Starting back in the 1700s in America, the juvenile justice system was punitive and unjust. Children as young as 8 were treated as adults and sent to do hard labor. In contrast, from the 1800s to the 1950s, social reformers were more focused on teen’s rehabilitation. Then in the 1980s and 1990s, there was yet another shift in thinking. During those decades, the number of teens who committed terrible crimes has increased a lot.Therefore
About eighteen percent of youth referred to the juvenile court are held in detention, awaiting the outcome of their cases. Juveniles charged with drug or personal crimes are mostly likely to be charged With public order and property crimes less likely to get detention. Just as the use of detention has dramatically increased over time, informal adjustment of cases has declined over time, and formal hearings now account for the process in more than half of all juvenile cases. These two trends show the increasing formality of juvenile justice system in response. In cases where a petition has been filed, youth progress to the adjudicatory stage(equivalent to the criminal trial).If a youth is found guilty or plead guilty , he or she is adjudicated to felonious, or adjudication may be withheld contingent upon the youth completion of some program or sanction.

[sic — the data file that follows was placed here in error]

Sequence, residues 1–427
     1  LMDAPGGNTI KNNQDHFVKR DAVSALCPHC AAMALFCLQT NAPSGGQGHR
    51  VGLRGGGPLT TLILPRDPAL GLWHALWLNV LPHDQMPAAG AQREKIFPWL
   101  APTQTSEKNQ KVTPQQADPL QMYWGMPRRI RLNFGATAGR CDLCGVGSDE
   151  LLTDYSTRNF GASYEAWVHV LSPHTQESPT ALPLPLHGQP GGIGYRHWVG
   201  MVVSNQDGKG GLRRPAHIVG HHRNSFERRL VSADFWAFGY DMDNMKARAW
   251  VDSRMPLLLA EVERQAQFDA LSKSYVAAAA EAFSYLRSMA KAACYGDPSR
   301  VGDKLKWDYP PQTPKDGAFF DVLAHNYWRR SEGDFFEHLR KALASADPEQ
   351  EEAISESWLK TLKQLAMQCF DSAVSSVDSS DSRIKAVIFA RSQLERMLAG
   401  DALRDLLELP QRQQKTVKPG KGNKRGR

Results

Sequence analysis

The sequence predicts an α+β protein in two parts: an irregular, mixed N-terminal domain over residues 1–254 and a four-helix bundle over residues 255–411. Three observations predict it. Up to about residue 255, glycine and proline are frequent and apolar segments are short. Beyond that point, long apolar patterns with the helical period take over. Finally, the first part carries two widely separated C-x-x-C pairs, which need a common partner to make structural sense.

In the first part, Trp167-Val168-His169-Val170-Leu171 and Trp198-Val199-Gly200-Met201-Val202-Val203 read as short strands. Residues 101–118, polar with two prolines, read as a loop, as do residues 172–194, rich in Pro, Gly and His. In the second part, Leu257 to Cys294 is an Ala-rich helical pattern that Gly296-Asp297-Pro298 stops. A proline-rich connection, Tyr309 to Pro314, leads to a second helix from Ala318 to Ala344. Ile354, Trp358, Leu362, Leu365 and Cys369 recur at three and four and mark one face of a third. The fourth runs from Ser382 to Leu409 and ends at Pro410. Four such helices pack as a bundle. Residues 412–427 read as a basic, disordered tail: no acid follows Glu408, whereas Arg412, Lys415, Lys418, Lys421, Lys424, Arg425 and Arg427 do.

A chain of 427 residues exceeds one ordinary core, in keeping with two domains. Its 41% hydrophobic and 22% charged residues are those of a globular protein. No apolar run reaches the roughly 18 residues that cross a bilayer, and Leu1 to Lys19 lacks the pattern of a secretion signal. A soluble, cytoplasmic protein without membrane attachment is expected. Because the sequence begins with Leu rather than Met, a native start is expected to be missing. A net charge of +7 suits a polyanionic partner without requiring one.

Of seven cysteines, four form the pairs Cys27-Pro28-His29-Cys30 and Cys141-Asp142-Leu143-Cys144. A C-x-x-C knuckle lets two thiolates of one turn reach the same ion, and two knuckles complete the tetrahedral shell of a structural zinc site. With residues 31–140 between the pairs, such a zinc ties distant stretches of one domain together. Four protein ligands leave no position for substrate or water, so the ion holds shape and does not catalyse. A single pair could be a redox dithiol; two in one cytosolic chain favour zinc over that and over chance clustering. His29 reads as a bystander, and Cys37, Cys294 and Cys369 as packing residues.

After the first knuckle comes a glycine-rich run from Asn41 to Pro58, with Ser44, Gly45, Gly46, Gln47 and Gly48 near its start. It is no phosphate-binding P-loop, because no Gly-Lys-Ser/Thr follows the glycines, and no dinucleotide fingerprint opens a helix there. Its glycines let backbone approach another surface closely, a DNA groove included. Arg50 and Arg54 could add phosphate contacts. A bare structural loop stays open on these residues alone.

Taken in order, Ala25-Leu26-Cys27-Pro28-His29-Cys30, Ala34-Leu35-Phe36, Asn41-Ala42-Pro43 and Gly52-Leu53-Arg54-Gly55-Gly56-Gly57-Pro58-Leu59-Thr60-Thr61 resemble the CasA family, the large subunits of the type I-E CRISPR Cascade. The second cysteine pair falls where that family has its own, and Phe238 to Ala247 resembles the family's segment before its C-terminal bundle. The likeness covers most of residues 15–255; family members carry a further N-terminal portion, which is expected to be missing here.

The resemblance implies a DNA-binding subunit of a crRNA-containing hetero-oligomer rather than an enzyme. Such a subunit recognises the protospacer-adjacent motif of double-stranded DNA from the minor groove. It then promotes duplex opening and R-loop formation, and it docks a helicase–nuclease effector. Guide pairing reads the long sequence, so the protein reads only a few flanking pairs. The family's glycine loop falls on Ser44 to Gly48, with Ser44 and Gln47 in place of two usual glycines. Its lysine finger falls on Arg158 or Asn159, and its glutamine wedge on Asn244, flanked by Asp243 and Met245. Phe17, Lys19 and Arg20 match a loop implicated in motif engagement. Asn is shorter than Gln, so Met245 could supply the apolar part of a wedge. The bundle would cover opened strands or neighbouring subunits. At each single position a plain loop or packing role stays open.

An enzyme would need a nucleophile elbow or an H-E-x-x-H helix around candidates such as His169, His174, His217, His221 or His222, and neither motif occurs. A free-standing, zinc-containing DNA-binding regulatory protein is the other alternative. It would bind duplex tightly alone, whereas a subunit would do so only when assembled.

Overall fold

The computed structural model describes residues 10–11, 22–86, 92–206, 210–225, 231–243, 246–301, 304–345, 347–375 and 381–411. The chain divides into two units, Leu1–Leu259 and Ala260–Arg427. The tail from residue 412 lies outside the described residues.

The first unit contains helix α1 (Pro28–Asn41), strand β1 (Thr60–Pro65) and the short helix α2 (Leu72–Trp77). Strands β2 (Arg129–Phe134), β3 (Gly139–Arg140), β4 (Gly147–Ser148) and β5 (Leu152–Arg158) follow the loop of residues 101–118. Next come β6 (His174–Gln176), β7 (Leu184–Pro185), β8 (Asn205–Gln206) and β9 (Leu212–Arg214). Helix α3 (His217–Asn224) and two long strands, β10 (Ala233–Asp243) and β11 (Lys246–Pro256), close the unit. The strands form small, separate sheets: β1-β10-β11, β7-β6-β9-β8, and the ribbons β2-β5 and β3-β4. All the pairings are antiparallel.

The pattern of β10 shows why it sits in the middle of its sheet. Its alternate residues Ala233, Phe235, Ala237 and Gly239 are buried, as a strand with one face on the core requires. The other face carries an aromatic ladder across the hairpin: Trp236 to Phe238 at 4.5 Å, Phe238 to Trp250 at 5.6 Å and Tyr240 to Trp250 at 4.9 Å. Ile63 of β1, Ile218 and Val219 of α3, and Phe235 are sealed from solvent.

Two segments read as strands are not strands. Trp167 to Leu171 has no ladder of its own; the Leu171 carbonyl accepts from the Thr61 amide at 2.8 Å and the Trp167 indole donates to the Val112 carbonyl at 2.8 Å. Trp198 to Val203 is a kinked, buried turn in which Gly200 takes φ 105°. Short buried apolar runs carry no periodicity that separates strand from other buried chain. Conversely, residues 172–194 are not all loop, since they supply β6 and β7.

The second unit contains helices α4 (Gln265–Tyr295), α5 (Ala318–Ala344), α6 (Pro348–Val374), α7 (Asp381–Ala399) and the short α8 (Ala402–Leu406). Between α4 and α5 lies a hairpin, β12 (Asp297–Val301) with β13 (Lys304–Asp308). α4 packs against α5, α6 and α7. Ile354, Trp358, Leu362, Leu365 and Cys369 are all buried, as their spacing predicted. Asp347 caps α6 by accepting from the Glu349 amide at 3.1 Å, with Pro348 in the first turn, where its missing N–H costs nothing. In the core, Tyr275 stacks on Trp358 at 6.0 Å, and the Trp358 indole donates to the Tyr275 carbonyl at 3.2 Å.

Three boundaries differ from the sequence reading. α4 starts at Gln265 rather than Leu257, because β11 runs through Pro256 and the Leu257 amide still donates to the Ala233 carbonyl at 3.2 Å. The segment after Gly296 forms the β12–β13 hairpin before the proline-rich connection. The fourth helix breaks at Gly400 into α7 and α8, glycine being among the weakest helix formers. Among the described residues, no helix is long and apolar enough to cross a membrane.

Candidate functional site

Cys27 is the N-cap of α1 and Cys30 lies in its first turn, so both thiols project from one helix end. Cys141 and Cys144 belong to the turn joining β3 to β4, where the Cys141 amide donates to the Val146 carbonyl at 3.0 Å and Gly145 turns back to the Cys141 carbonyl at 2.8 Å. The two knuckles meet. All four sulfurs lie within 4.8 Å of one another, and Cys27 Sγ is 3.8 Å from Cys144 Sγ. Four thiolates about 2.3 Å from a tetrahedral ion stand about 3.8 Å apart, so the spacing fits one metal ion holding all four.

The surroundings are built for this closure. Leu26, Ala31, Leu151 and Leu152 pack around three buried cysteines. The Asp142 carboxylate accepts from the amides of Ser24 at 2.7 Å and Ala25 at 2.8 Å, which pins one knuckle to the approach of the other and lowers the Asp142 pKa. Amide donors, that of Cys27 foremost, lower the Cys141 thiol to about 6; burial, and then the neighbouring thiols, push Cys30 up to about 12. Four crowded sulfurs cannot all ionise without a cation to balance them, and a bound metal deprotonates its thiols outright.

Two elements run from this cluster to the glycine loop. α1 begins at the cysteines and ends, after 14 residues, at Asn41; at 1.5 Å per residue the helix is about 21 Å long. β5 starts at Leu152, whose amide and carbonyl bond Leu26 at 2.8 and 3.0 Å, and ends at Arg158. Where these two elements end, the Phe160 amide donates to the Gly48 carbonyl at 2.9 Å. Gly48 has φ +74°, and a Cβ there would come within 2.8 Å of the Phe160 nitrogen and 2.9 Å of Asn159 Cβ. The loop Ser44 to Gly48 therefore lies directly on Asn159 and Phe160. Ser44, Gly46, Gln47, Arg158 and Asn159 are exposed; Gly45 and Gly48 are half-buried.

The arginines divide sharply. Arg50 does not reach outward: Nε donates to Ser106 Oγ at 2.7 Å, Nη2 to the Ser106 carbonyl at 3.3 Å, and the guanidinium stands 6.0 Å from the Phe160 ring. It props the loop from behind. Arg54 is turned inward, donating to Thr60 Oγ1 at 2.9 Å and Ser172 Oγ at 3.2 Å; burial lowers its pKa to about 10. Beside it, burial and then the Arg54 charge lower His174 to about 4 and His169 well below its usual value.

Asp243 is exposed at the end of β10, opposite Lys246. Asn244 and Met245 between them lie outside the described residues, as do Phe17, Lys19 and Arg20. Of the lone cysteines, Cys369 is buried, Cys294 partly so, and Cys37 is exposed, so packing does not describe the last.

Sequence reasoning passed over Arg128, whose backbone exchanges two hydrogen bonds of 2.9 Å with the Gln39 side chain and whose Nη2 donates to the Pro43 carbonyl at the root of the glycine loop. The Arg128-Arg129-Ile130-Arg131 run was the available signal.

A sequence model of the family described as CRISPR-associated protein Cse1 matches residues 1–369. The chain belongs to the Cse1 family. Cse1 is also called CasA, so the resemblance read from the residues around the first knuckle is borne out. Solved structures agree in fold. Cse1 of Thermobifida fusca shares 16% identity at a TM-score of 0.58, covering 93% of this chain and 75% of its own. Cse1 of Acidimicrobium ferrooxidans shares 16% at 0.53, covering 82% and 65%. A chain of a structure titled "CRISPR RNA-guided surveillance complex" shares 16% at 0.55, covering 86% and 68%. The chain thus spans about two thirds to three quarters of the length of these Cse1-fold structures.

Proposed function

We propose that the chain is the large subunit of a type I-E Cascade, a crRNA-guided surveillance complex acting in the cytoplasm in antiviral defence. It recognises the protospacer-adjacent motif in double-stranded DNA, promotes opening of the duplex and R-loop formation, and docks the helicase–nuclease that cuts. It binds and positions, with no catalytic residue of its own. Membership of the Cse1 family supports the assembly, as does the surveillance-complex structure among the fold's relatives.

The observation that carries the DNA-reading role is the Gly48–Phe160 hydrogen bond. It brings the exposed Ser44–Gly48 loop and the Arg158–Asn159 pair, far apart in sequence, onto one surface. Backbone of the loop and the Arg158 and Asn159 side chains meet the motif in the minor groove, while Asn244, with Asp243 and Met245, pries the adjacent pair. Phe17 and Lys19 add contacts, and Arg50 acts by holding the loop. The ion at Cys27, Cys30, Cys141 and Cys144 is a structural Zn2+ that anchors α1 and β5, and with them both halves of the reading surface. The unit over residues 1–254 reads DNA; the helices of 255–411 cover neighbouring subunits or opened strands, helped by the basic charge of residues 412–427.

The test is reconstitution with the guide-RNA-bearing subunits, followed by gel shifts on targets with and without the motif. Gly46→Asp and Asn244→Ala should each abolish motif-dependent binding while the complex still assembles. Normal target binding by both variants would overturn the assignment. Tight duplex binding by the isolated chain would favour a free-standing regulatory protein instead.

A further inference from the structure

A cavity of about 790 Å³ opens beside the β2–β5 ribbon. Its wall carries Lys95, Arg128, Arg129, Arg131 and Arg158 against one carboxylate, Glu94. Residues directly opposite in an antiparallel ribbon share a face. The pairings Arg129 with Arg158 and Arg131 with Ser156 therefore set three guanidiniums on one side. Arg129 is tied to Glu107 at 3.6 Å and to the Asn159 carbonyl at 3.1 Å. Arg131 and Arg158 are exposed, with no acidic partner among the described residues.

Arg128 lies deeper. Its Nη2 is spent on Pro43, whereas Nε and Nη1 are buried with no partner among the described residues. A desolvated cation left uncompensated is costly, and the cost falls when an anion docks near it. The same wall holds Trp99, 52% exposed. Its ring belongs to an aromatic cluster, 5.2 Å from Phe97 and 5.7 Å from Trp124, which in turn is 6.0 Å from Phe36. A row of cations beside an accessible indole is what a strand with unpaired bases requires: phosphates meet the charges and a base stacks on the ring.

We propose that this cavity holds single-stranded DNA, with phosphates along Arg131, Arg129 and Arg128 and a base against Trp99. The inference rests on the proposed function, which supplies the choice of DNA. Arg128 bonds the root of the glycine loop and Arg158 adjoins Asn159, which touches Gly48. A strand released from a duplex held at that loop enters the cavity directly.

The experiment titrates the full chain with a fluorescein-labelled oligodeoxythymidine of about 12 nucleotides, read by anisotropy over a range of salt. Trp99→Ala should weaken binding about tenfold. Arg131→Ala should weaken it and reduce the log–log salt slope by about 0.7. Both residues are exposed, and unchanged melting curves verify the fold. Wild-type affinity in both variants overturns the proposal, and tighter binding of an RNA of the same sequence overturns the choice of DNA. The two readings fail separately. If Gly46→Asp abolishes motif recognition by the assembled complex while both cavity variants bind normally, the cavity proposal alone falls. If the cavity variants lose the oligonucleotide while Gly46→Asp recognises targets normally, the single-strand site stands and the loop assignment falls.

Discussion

LGBTQ (Lesbian, Gay, Transsexual) youth homelessness makes up only 5 to 7 percent of the general youth population, yet up to 40 percent of youth experiencing homelessness. Many LGBTQ youth face harassment, victimization, violence, social stigma, rejection, and discrimination in their families, schools, employment, and social settings. LGBTQ identified youth ages 13 to 17, provides important information regarding how LGBTQ young people experience life in their communities. Nearly half of LGBTQ youth (47 percent) surveyed they do not “fit in” in their community, while only 16 percent of non LGBTQ youth reported feeling that way. 63 percent stated that they will need to move to another part of the country in order to feel accepted.